Wife’s death led him to discover what may be a better breast cancer treatment

by | Oct 2, 2017 | Health - Cancer | 0 comments

Allen Pannell talks about his late wife, Amy Foster.

KNOXVILLE, Tenn. — Allen Pannell didn’t plan to get into breast cancer research. He was deep into a doctoral dissertation on statistical models for the mortgage industry when his wife, Amy Foster, died of breast cancer in January 2014. That changed his focus.

“In simple terms, I lost interest in that based on what happened,” said Pannell, now assistant professor of analytics and director of the master’s in analytics program at Lincoln Memorial University. “Three and a half years earlier than that, I didn’t know a thing in the world about breast cancer.”

More: Julia Louis-Dreyfus’ breast cancer news shows how far we’ve come

He was working on his doctorate in analytics at the University of Tennessee. Pannell was almost out of time when Foster died, but his three-member review committee agreed to let him change subjects.

“I did my dissertation on breast cancer,” Pannell said. “I’m thankful to UT for letting me do that, because I was in the business school in the analytics departments. Nobody in there had ever done anything on breast cancer.”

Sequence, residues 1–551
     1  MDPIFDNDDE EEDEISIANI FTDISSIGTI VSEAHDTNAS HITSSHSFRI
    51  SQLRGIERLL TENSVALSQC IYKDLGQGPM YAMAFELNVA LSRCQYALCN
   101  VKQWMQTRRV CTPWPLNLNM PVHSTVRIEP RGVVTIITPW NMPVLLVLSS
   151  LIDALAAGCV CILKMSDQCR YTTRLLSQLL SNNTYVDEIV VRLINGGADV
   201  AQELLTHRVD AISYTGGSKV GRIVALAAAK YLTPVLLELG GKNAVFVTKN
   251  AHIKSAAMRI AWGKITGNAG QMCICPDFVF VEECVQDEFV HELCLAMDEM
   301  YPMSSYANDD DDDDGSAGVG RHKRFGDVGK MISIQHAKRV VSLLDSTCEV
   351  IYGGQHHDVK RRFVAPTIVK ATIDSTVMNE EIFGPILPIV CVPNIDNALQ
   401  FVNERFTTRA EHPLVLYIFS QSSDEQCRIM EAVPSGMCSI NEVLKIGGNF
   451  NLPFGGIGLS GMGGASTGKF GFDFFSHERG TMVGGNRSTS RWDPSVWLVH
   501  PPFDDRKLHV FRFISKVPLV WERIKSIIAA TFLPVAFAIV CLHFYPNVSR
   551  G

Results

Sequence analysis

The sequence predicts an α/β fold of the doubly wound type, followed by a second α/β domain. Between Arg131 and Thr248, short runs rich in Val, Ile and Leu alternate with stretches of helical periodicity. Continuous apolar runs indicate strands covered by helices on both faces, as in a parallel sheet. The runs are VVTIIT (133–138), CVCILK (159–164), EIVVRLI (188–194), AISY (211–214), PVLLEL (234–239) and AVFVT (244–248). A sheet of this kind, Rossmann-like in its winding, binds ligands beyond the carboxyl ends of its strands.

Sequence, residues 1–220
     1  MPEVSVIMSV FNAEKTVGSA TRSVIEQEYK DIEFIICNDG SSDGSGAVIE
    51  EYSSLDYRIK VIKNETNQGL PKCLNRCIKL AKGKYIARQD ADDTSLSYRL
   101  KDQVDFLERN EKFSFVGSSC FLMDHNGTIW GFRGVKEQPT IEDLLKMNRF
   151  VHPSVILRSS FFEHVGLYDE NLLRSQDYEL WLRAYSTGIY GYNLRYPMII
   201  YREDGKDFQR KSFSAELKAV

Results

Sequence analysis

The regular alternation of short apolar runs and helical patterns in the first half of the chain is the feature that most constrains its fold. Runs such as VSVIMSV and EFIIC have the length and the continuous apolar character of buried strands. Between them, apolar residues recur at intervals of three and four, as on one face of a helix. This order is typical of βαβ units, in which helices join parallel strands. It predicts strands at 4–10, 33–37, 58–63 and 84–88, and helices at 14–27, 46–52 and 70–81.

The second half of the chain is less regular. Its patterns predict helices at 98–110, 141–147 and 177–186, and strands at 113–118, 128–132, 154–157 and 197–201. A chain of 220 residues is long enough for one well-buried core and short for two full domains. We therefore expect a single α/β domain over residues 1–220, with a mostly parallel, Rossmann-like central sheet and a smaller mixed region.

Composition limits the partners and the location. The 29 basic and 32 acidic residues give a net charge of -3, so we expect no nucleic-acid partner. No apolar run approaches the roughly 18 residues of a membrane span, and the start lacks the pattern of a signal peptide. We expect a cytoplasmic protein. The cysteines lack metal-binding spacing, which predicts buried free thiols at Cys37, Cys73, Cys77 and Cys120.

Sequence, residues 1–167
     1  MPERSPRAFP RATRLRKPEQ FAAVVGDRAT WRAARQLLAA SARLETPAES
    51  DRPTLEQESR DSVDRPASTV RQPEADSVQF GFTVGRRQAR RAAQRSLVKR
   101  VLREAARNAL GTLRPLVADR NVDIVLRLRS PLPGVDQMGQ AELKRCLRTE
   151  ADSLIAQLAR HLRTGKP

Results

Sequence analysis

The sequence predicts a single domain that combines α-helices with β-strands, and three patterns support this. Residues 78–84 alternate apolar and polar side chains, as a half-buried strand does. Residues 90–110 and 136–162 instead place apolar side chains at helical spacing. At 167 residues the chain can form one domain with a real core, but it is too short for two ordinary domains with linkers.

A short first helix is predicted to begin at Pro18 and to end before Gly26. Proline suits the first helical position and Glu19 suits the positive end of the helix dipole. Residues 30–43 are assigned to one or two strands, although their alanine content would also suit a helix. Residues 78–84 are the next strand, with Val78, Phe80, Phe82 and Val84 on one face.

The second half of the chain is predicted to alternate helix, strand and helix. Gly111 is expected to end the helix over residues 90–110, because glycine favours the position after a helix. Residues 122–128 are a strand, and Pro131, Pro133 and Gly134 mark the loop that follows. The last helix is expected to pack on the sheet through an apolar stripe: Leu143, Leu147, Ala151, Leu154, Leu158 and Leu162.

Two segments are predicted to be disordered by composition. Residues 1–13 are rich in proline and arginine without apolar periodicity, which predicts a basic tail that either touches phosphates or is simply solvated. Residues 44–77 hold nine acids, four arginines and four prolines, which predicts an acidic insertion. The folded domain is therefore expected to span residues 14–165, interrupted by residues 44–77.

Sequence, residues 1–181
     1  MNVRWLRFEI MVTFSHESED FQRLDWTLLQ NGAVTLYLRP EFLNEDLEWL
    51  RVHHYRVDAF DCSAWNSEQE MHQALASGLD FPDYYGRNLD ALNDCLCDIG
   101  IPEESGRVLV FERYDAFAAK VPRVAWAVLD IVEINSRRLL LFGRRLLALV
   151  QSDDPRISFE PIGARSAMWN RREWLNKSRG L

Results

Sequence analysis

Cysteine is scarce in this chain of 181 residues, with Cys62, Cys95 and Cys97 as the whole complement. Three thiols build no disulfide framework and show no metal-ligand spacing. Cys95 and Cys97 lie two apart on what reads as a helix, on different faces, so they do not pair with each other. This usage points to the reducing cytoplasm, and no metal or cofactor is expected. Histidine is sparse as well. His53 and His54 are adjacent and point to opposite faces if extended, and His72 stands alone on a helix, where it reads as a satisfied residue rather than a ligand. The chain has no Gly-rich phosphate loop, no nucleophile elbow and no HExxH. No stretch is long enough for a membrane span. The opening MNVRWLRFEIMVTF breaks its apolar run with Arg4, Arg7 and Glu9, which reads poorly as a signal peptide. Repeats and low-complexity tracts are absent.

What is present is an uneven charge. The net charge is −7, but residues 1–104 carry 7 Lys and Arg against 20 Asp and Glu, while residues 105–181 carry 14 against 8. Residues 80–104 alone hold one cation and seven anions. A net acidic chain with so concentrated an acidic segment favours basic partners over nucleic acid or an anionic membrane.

Four years became four months

Foster was 45 when she died, less than four months after their first wedding anniversary: Oct. 6, 2013.

“I remember it because we spent it in the Sevier County hospital,” Pannell said. “That was pretty much the first day of the end, based on what we saw there.”

Pannell is sharing his story this October, which is recognized nationally as Breast Cancer Awareness Month.

His wife had been doing fairly well on one type of chemotherapy, but that changed when she switched to a different drug. The reason for the switch: the receptors on tumor cells elsewhere in her body differed from those on her original breast tumor. Doctors urged using a drug targeted to the metastatic tumors, Pannell said.

This, it turned out, was probably a mistake. Foster had been given an estimated four years to live; but after changing treatments, she only lived four months, Pannell said.

Allen Pannell studied the relative effectiveness of targeting initial breast cancer tumors vs. related tumors that develop elsewhere in the body. His research has been published and he’s getting ready to present his results at a second conference. Hear him talk about what he found. Wochit

That choice is what he wanted to research. Russell Zaretzki, associate professor of business analytics at the Haslam College of Business and chairman of Pannell’s dissertation committee, approved the course change and helped design his statistical analysis, according to a UT news release.

Pannell, Zaretzki and Timothy Pannella reviewed all the relevant research they could find from before November 2014. Panella, also on Pannell’s dissertation committee, is an oncologist at UT Medical Center and associate professor at UT Graduate…